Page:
News release

Coalition: Association Health Plans Invite Widespread Scams Of Small Businesses, Consumers


WASHINGTON, D.C., Feb. 13, 2018 — Small businesses and consumers could be victimized by a wave of fake health coverage if Association Health Plans are authorized under a federal agency that is stretched too thin to properly oversee them, the Coalition Against Insurance Fraud warns.

“On their surface, Association Health Plans are well-intended efforts to help small businesses obtain affordable health coverage. But small businesses and their workers will face a large and intolerable risk of fraud,” the Coalition says in a letter to the U.S. Department of Labor.

The Trump Administration is considering authorizing AHPs, and is seeking comments. AHPs would fall under the Labor Department’s purview, and be largely exempt from state insurance regulation. State and federal oversight working in tandem offers the best safety net against fake health plans, the Coalition says.

The Labor Department is overstretched and would have to oversee potentially thousands of AHPs. “This will create a serious oversight vacuum — thus permitting fraud to spread rapidly. Without local state oversight, shady operators will be emboldened to sell bogus health coverage to vulnerable small businesses around the U.S.,” the Coalition writes.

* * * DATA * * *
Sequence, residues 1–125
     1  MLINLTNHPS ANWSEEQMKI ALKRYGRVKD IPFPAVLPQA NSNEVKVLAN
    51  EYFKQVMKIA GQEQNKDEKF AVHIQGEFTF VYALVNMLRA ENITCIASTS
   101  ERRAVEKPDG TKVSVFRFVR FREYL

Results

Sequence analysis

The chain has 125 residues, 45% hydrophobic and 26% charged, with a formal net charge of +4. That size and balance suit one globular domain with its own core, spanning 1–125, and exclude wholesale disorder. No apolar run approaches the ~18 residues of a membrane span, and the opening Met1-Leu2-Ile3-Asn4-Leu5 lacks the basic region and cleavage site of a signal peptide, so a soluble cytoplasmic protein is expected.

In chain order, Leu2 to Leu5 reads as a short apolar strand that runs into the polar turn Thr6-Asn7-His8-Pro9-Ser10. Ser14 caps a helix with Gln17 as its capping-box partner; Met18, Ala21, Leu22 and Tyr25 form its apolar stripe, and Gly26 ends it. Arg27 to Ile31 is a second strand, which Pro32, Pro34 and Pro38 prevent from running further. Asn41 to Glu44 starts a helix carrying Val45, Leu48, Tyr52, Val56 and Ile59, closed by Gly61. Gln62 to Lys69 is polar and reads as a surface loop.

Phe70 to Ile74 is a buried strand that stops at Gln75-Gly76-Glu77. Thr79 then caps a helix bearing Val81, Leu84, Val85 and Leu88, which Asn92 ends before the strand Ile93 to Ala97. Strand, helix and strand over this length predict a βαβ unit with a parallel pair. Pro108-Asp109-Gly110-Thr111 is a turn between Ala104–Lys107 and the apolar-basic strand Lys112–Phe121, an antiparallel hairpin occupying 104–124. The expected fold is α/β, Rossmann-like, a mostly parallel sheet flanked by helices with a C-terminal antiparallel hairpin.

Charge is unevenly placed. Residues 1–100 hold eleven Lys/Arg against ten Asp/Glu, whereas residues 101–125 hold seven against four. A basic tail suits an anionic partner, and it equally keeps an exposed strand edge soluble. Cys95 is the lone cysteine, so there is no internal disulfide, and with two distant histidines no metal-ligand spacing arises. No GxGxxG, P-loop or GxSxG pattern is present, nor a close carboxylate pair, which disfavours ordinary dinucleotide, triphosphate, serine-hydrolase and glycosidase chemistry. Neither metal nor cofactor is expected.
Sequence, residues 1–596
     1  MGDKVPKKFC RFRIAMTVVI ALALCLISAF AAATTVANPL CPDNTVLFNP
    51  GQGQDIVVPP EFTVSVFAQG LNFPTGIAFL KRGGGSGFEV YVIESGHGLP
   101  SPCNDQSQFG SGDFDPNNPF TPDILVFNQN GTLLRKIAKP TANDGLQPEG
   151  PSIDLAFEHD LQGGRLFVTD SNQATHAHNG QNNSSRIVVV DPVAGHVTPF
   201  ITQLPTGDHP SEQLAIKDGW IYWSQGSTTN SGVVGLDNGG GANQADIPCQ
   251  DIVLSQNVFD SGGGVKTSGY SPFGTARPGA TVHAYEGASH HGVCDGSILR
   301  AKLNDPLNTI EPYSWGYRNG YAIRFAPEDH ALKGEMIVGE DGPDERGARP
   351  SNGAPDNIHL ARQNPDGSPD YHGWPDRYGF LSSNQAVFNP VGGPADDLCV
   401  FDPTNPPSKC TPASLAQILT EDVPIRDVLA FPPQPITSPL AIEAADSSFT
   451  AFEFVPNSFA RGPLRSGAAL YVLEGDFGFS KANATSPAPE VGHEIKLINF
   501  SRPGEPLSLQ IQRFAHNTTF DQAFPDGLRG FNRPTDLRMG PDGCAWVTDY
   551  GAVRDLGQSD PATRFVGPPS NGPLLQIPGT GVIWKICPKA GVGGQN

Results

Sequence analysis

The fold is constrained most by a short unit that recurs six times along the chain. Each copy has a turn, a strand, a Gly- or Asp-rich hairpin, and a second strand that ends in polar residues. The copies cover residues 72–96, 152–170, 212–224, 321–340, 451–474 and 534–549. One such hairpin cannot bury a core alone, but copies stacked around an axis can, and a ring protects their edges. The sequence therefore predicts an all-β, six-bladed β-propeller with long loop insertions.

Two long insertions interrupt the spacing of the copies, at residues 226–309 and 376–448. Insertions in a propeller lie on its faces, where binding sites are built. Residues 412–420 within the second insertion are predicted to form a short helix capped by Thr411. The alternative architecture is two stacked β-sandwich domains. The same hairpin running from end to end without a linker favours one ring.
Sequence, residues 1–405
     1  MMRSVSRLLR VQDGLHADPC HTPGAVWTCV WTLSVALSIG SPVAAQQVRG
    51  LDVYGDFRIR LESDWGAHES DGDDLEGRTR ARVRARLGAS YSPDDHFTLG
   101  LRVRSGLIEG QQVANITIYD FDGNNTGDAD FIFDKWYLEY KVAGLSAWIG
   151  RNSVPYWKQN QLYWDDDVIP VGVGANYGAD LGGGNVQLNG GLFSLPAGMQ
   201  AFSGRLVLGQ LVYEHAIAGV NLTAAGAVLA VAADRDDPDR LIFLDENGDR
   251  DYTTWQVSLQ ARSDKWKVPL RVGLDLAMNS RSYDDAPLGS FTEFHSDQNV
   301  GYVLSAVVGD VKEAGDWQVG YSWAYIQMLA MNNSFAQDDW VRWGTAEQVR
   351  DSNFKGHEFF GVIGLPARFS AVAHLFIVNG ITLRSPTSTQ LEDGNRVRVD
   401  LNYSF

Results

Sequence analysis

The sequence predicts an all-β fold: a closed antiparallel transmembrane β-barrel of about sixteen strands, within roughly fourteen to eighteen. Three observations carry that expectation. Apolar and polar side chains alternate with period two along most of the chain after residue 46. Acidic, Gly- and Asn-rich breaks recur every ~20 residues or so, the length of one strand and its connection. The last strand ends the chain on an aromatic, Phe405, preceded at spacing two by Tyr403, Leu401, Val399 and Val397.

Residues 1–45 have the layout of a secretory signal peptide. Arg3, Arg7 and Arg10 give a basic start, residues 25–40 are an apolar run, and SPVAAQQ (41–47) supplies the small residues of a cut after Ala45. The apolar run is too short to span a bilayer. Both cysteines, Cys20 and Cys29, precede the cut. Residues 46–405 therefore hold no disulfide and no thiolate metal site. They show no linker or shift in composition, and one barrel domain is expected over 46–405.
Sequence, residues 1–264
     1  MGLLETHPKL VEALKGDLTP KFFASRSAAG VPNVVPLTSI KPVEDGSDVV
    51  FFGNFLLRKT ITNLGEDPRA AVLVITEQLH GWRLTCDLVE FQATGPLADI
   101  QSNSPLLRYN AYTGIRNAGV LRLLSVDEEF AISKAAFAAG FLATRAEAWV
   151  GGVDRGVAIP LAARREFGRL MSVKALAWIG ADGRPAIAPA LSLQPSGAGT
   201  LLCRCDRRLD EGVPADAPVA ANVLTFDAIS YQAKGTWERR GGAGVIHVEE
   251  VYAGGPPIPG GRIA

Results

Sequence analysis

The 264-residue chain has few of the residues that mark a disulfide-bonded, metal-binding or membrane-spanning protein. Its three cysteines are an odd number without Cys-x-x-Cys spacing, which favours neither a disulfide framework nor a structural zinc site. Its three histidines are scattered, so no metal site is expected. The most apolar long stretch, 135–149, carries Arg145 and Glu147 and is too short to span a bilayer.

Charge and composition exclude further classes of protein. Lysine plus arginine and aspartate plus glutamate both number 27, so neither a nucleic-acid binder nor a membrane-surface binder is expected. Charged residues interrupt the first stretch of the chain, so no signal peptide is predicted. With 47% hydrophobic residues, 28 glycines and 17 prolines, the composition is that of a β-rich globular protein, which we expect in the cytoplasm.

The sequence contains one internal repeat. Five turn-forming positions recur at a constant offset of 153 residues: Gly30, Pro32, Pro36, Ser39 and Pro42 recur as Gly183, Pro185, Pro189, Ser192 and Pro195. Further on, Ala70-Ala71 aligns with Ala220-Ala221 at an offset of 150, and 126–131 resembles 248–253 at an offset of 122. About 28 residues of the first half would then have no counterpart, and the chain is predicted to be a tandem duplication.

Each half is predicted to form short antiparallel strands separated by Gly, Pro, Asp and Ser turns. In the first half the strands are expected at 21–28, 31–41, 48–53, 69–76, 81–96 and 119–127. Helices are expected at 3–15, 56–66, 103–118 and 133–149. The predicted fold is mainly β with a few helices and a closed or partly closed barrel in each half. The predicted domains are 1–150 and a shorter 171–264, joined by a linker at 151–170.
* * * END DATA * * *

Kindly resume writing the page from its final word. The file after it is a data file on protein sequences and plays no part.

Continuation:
An effective, well-developed system of state insurance regulation already is in place. State insurance departments can shut down fake health plans in just days with emergency orders, while the Labor Department can take years.

A wave of fake AHP operators swept through the U.S. in 2002-2004. They sold fake health plans to more than 200,000 policyholders. The cons exploited a federal oversight vacuum. A crime wave also could exploit the oversight gap under the current AHP proposal.

Many victims were small businesses and consumers desperate for affordable health coverage. The cons stole at least $250 million in premiums and unpaid medical claims. Many victims were forced to pay large hospital bills from their own pockets when fake plans refused to pay up.

“Since that time, states have reinforced their efforts to detect, stop and prosecute these criminal enterprises. The federal government — not so much,” the Coalition noted.

Shared state-federal oversight offers the tightest protection against bogus health plans. “States and the federal government should share oversight as currently exists under the ERISA regulations now in place,” the Coalition urged.

The Coalition Against Insurance Fraud is a nonprofit alliance of consumer groups, insurers and government agencies combatting all forms of insurance fraud.

Matthew J. Smith, Esq., director of government affairs

James Quiggle, director of communications